Fiji has limited land, and is not open to foreign ownership
September 09, 2007
Now people come in their thousands to dive and swim. Fiji has a coolish heat, but is very humid. Fiji imposes certain restrictions on land purchases. Foreigners must obtain a residency permit and/or work permit. If the land to be bought is bigger than 1 acre (approx. 4,000 sq. m.), the purchase is subject to the approval of the Ministry of Lands.
Foreigners are not allowed to rent out their properties, except through a corporation. However, under the Foreign Investment Act 1999 real estate management and development are restricted activities, and the company must be at least 51% owned by Fiji citizens.
No yields figures for Fiji
In recent years several old plantations have been subdivided, offering beautiful pieces of property at reasonable prices.
Large 300-acre (and more) coconut plantations can be bought for around US$250,000. There are also plots of 1-5 acres from approximately US$20,000-US$95,000.
There are entire islands for sale for around US$1 million. Apartments and flats rent for around US$250 to US$350 per month, while luxury flats and homes can rent for US$3,500.
Rental income tax in Fiji is high
Rental Income: Net rental income of nonresidents is taxed at a flat rate of 20%. Nonresidents are entitled to some allowances.
Capital Gains: Capital gains tax is levied at a flat rate of 10%.
Inheritance: There are no inheritance taxes in Fiji.
Residents: Residents are taxed on their worldwide income at progressive rates, from 7% to 20%. The first FJD16,000 (US$8,000) are exempt from taxation.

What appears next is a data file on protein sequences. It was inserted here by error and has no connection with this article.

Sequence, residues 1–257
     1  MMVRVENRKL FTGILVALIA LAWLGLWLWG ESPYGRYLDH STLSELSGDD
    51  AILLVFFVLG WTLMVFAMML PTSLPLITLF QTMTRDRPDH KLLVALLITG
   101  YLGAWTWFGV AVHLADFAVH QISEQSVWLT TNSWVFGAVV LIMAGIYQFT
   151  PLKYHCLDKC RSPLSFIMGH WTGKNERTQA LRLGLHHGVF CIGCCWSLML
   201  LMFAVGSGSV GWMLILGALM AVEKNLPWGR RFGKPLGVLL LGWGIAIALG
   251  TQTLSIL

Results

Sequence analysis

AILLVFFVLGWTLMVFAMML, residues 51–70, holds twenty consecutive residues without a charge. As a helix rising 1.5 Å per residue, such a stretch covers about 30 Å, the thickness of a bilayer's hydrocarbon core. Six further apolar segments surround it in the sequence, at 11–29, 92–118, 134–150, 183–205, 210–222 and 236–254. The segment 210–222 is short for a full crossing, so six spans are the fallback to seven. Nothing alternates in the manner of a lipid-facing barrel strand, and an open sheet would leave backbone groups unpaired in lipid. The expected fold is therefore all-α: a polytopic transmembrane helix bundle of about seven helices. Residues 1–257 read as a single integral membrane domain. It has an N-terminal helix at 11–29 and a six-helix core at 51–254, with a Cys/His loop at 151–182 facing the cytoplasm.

Fiji's simple but slow transaction process
Freehold or land tenure is via the Torrens title land-registration system, with the title guaranteed constitutionally by the State.
The process of transferring title is relatively simple but slow. Buyers are required to fill out forms, submit police verification, and accomplish various other tasks such as paying duties. To have a sale finalized usually takes from 3 - 6 months.
Research is ongoing.
Ethnic tension in island paradiseEthnic tensions flared up in 1987 between Fiji's two largest groups, indigenous Fijians and Indo-Fijians, descendants of laborers brought from India by British colonizers. This led to temporary international isolation.
Mixing between the two groups is minimal as they live separately on the two largest islands, Viti Levu and Vanua Levu. Informal segregation runs deep in almost all aspects of society.
In the 1987 coup indigenous Fijians overthrew the elected Indian-dominated coalition. In 2000, the country’s first ethnic Indian prime minister, his cabinet and several MPs were held hostage for several weeks.
This severely affected tourism, the country’s main source of foreign currency. The country is still very dependent on foreign aid.